Meanwhile, Krista Tippett, the host of the most influential religion show on public radio, is changing the name of her program from “Speaking of Faith” to “On Being.” I like to think she’s been reading this blog. But the truth is that both of us have been charting the shift away from religious doctrines and institutions, and toward independent spiritual practices and communities. Tippett’s canvas is broad, all-encompassing, wide-ranging, while I continue to try to chart the untold story of one category of star-crossed interfaith lovers, lovers often forced to defy their families, their institutions, their tribal rules.
So far, publishers have had trouble understanding how to market a book on “being both.” They fret, “It doesn’t fit into any of our categories.” The irony, of course, is that not fitting into those little boxes is precisely the topic at hand. At some point, publishers will understand who we are, understand “being both.” Whether or not you are in an interfaith family yourself, all of you who follow this blog understand that if we venture out of our boxes to dance and converse and study together, the world will be a better place.
7 Replies to “100 Essays: Interfaith Children, Interfaith Parents, Interfaith Families”
First of all congratulations on your 100th blog. It is a great achievement and i have both enjoyed reading them and found them very stimulating. I look forward to the next 100. It is interesting to also get a view of an American perspective. The situation in Europe is slightly different. For example I think the idea of someone being “half-Jewish’ is not nearly as well accepted, by either Reform rabbis, or the community at large. Here you are either Jewish and “in”, or not Jewish and “out.” Keep up the good work.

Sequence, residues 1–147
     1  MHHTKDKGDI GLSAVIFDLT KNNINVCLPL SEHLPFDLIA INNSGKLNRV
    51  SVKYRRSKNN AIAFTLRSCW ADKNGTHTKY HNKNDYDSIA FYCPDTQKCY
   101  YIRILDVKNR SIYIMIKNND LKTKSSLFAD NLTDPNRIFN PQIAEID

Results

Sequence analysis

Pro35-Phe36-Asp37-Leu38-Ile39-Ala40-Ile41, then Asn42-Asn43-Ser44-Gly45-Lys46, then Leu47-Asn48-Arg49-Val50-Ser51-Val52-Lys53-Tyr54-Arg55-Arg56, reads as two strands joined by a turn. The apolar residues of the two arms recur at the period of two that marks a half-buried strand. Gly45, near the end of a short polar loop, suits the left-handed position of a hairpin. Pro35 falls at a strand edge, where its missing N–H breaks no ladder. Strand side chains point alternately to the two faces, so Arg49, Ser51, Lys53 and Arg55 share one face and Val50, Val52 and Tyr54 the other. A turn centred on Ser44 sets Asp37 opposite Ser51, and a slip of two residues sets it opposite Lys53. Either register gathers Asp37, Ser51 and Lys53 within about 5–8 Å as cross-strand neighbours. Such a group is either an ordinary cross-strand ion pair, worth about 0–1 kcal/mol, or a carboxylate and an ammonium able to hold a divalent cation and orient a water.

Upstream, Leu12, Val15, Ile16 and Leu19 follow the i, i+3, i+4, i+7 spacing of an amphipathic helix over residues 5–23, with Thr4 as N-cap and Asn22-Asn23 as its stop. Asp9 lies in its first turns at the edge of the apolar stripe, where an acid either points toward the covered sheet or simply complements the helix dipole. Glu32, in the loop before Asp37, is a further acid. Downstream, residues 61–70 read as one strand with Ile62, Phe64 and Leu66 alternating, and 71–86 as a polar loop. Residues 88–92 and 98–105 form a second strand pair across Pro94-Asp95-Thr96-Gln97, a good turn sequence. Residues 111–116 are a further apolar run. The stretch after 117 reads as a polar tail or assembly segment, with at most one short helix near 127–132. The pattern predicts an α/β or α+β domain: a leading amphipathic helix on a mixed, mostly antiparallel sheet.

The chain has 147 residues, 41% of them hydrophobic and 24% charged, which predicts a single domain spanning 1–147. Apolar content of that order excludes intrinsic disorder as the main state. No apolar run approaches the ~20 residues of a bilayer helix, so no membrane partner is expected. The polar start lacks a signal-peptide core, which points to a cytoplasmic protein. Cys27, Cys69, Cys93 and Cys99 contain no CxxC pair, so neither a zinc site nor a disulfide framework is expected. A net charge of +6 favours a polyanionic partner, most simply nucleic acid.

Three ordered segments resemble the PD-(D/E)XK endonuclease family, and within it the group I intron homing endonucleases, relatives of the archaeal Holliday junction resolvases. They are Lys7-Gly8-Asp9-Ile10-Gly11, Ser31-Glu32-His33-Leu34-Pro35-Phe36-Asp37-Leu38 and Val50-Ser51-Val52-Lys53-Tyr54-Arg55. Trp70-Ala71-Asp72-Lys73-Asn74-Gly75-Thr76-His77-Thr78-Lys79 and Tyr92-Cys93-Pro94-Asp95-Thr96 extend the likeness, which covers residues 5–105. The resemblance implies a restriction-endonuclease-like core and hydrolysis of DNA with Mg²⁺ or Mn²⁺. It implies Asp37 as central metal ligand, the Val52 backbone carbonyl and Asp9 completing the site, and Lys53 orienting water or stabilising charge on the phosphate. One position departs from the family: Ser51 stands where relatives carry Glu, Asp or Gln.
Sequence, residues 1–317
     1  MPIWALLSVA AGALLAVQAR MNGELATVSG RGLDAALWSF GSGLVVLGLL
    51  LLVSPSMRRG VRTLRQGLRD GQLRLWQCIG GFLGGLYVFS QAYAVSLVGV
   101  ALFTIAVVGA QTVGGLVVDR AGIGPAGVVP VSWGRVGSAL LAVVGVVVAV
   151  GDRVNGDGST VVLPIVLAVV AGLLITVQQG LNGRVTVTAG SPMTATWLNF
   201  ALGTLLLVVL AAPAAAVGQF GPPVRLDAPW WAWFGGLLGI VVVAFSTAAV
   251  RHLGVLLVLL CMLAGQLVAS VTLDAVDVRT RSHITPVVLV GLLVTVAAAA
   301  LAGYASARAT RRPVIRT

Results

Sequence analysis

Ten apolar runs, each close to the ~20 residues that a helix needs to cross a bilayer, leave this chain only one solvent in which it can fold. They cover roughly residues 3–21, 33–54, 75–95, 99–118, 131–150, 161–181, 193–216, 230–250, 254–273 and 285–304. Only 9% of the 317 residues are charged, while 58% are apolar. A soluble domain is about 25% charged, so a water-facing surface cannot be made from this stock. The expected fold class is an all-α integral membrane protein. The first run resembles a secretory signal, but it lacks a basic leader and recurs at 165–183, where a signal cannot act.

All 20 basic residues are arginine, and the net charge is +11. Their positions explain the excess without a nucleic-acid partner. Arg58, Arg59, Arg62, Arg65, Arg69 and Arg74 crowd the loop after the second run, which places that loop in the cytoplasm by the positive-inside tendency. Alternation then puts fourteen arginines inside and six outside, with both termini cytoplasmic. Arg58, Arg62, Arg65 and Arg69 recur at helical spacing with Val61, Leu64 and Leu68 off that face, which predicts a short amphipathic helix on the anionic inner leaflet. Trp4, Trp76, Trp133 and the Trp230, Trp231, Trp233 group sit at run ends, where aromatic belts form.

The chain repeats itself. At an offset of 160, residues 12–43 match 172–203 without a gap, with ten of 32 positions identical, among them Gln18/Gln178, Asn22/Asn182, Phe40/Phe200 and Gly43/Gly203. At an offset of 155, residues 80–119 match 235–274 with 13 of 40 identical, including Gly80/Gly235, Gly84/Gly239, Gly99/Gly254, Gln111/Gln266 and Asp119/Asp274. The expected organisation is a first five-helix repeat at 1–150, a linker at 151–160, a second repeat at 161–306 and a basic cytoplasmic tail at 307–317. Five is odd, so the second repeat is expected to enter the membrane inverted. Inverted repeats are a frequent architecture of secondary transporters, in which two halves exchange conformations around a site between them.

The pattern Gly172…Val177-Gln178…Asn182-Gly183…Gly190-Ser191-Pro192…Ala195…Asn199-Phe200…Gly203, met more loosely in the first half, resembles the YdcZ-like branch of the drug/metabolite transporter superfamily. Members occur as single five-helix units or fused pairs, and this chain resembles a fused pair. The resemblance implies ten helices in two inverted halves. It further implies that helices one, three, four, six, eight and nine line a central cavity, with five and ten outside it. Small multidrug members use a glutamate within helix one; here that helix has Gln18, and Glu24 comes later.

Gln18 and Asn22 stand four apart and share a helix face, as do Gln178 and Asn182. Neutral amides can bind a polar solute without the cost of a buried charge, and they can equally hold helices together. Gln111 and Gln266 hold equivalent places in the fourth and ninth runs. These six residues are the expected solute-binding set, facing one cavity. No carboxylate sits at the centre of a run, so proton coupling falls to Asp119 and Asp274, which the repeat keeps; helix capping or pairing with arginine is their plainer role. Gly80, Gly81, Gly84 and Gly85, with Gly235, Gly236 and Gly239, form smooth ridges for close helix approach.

Anna–It is really important to hear from interfaith families from around the world. Keep us updated on the challenges and issues where you live. You point to the fact that the large number of different Jewish movements and independent Jewish communities in America does mean that there is no one institution controlling the definitions of “in” and “out.”
Sue, Congratulations on a wonderful achievement. But more importantly, thank you for helping to direct civil discourse on a topic that is central to what America is becoming in the 21st century. I’m looking forward to the next hundred essays – or dare I say, the next thousand?
Congratulations on your 100th blog! I agree that your writing falls into the category of essays, not just blog posts. That’s why I’m thrilled to have your essay in my anthology of Jewish and non-Jewish women writing on interfaith relationships. I hope you do find a publisher for your work, as I also hope so for the anthology. I believe there is an audience out there for this topic, and you’re doing great pioneering work on your end.
Thank Diane, I guess a thousand essays would mean ten years. What will the blogosphere look like in ten years? Interesting question.
Thanks Hila. I am eager to read the other essays you have chosen, and to send my readers out to buy the anthology when it appears!
Congrats on your 100th blog milestone! I read your blog, dare I say “religiously?” and find myself nodding my head and talking back to the computer as I read your thoughts and comments. I leave it up for my husband and kids to read, and you have sparked some great family conversation topics in my house. Keep up the good work!
Excellent post SKM! Be your own publisher. We need your book.